The Washington Post noted this week that most recent polls show Mitt Romney "winning the white vote by more than any GOP presidential candidate since Ronald Reagan" in 1984. But Reuters is looking hard for the bright side, focusing on a tiny subset to explore how "McCain voters defecting to Obama are older white males."
Cheerleading Gabriel Debenedetti touted how “Roughly 5 percent of respondents in Reuters/Ipsos polls said they chose the Republican contender in 2008 and will switch to Obama in 2012" and “The McCain-to-Obama switchers are 55 percent male, and 34 percent of them are 55 or older.”
Then he admitted, parenthetically, that “(Overall, Obama trails Romney 34 percent to 52 percent among white men over 50.)”
The story concluded "The defectors to Obama remain a smaller subset of respondents than those who voted for him in 2008 and now support Romney. The Reuters/Ipsos polling shows 10 percent of voters plan to cross the aisle in that direction." So why do the story on the smaller subset?
Perhaps because Reuters wants to load its story with Romney-bashing. The reporter asked "Who are these defectors?"
"Right now if I had to choose it would be Obama, because he's more personable," said William Holliday, a 58-year-old retiree from Convis Township, Michigan. "Romney has changed his position so many damn times, you don't know what he thinks at all. But they're both liars."
Holliday said that in general he leans Republican. "I did vote for McCain four years ago in spite of the fact he picked Palin. Because I thought that was a cheap trick he pulled there." He worries that if Romney is elected he will put "Cheney and Rumsfeld back in there to run the show."
Does this sound like a McCain voter? Did he think McCain hated Cheney and Rumsfeld? Then there's the tax return/47 percent media line to repeat:
Jeffrey Baker, 56, a retiree in Strong, Maine, thinks Romney's refusal to release his taxes disqualifies him. "If you can't be honest from the start, I don't want you in the Oval Office," he said. Romney, whose personal worth has been estimated at roughly $250 million, has faced criticism from Democrats for not releasing enough years' worth of his tax returns.
"Four years ago I voted for John McCain because I thought he was more experienced, and I thought we needed someone with some military background," Baker said. "Mitt Romney - I don't believe he has the experience that's needed. He's a businessman, he knows how to make money. That's all well and good, but we've got people to worry about."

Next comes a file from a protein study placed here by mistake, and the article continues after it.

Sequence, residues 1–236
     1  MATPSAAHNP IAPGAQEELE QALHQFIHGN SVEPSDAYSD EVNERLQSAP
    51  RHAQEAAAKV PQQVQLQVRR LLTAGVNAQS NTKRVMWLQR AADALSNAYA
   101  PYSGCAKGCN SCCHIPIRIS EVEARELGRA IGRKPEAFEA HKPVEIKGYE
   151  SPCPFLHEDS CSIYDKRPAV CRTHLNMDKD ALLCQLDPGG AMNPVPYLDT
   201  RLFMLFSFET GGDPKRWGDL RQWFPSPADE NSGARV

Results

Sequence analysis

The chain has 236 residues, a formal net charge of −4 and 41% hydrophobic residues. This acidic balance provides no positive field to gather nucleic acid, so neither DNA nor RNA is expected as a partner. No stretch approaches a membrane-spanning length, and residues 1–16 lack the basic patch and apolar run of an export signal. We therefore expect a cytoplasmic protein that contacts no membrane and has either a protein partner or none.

Baker is unhappy with the entire campaign. "There's nothing going on. No information, no nothing," he said. "Everybody says they're going to do this, they're going to do that. But nobody says how they're going to do it."
He's basing his vote on a general sense that "Obama is more for the whole country than Romney is," alluding to the leaked video. "Romney, that's his honest feelings. He doesn't really care about the 47 percent."
The anti-Mormon commentary comes from one Jeff Waltrip:
Jeff Waltrip, 56, is a retired electrician and retail worker who has voted Republican all his life. But in his view Obama "has done a good job with what he was left with, and I truly believe that allowing Mitt Romney in there is going to make the world a whole lot worse than it is now." Waltrip said he liked the Republican ticket in 2008 because McCain is a veteran and because Sarah Palin "made me laugh."
...Waltrip also believes Romney is out of touch with lower-income Americans, and he mistrusts the candidate's religious convictions.
"I've always felt like the Mormon Church was more of a cult," Waltrip said. "I'm sort of afraid that his interests are going to be strictly for the Mormon Church."
Did you notice all three are retired and under 60? Doesn't that sound like a union-hall story?